Art as a Verb

Art as a Verb, Christine Nishiyama

Let’s talk about the word “art”. You probably think it’s noun, right?

Google defines art as:

noun. // The expression or application of human creative skill and imagination, typically in a visual form such as painting or sculpture, producing works to be appreciated primarily for their beauty or emotional power.

Are We Artists?

I’ve always had a hard time calling myself an artist. Many people do. But why is that word so troublesome for us?

Early in my career, I was a designer. I eagerly accepted and claimed that title. I thought to myself: I have a design job, therefore I am a designer. I design, therefore I am a designer.

Later, I transitioned my career to illustration. That title also came easily to me. I illustrate, therefore I am an illustrator.

But what about the title, artist? Am I an artist? I’ve never quite known the answer to that question.

The root of the word “artist” is art. Do I “art”? Am I “art-ing”?

Why is the title artist so much more elusive and difficult for us to claim?

The Trouble with Art as a Noun

The trouble stems from the word “art” being thought of as a noun. A noun is a thing. So thinking of “art” as a noun places all the emphasis on the thing, the piece of art.

A designer designs.

An illustrator illustrates.

Why doesn’t an artist art?

I’m challenging you to think of art as more than just a noun. Try thinking of Art as a verb.

Art is about more than just the thing you create. It’s about more than the painting hanging on the gallery wall. It’s about more than the poem on the page. It’s about more than the drawing left behind in your sketchbook.

Art is not what you made, but how you made it.

Art is a process. An action. A verb.

Art as a Verb in Art History

Think back through art history, like the Impressionists of the 1860s in Paris. The Impressionist painters weren’t revolutionary just because of the things they made — the art as a noun.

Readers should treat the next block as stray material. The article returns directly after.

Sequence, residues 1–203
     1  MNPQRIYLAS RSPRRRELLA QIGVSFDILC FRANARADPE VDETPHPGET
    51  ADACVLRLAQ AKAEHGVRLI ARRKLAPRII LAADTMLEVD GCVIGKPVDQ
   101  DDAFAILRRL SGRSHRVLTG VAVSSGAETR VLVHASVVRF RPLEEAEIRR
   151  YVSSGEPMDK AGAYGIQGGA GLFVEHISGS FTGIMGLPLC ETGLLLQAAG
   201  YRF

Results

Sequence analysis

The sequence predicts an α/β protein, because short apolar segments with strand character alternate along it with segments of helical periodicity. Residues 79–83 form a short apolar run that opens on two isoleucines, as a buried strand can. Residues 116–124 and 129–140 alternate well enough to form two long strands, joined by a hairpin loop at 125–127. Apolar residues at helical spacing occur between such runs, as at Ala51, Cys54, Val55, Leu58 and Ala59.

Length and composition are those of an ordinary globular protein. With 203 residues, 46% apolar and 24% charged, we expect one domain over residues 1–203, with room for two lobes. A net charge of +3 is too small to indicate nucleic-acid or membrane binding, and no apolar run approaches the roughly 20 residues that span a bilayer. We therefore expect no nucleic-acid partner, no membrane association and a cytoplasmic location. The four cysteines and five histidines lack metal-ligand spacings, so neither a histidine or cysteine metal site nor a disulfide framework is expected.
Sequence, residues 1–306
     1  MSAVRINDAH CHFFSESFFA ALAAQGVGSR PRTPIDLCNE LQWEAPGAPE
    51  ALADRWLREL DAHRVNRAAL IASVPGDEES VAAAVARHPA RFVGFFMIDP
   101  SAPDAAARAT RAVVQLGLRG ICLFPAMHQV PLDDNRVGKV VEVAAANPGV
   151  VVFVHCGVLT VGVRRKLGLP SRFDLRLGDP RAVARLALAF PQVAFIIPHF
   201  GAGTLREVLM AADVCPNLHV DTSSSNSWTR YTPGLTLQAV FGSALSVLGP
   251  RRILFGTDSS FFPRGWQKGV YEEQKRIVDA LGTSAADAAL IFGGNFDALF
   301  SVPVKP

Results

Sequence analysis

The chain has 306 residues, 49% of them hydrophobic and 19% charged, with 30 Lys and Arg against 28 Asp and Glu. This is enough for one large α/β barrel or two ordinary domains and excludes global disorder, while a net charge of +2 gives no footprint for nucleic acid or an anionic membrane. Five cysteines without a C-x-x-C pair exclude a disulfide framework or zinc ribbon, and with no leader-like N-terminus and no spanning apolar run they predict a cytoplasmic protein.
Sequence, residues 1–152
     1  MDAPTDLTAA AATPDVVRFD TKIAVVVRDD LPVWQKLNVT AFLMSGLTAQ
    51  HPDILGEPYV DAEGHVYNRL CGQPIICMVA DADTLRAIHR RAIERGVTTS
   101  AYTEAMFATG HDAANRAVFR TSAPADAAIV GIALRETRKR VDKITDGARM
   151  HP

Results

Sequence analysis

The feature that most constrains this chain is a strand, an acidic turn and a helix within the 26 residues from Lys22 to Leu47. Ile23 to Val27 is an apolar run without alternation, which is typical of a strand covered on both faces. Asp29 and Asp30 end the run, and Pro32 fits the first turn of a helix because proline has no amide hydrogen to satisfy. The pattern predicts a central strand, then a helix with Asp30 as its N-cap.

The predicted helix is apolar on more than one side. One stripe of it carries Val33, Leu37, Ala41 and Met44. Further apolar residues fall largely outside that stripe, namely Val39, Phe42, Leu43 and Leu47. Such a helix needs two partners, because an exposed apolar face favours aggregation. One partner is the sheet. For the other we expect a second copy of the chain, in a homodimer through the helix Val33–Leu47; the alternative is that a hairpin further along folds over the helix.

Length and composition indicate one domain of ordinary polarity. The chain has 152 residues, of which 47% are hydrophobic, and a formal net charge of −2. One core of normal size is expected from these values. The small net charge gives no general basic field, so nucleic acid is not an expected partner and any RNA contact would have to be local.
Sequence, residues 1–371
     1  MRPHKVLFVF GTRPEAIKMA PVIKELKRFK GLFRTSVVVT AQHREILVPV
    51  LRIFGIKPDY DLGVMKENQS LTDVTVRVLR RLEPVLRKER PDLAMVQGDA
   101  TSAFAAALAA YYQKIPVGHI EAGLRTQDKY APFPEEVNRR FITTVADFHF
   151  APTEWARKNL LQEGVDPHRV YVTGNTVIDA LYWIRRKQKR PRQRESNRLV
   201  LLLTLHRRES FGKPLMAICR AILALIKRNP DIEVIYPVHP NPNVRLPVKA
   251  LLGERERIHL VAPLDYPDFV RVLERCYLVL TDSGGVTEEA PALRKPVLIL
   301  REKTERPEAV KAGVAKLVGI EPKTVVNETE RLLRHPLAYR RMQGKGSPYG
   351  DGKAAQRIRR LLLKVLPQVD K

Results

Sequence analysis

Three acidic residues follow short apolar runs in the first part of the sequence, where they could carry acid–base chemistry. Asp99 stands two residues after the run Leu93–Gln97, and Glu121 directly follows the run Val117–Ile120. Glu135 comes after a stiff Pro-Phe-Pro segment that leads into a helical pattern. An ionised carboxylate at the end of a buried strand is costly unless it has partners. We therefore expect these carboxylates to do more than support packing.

They were revolutionary because they painted in small, segmented brush strokes instead of sweeping, smooth brush strokes. Because they painted with pure, intense color instead of dulled, mixed colors. Because they painted outside “en plein air” instead of inside a studio.

They were revolutionary because of how they made the things — the art as a verb.

They were revolutionary because of their process, not just the products.

Art As: Noun vs. Verb

When you think of art as a noun, it places all the emphasis and importance on the piece of art, not on the process of making art. Art as a noun asks “what will my piece say” and brings in the ego. Art as a noun demands each piece of art be so conceptual and so meaningful and so soul-shattering for it to be called Art.

But I don’t believe art is about the thing hanging on the wall. It’s not about the final product.

I believe art is something you do.

The piece of art is just what’s leftover from the process of art making. So art is not the thing hanging on your wall.

Art is creating.

Art is making.

Art is doing.

Art is a verb.

We are artists because we create, we make, we do.

We art.

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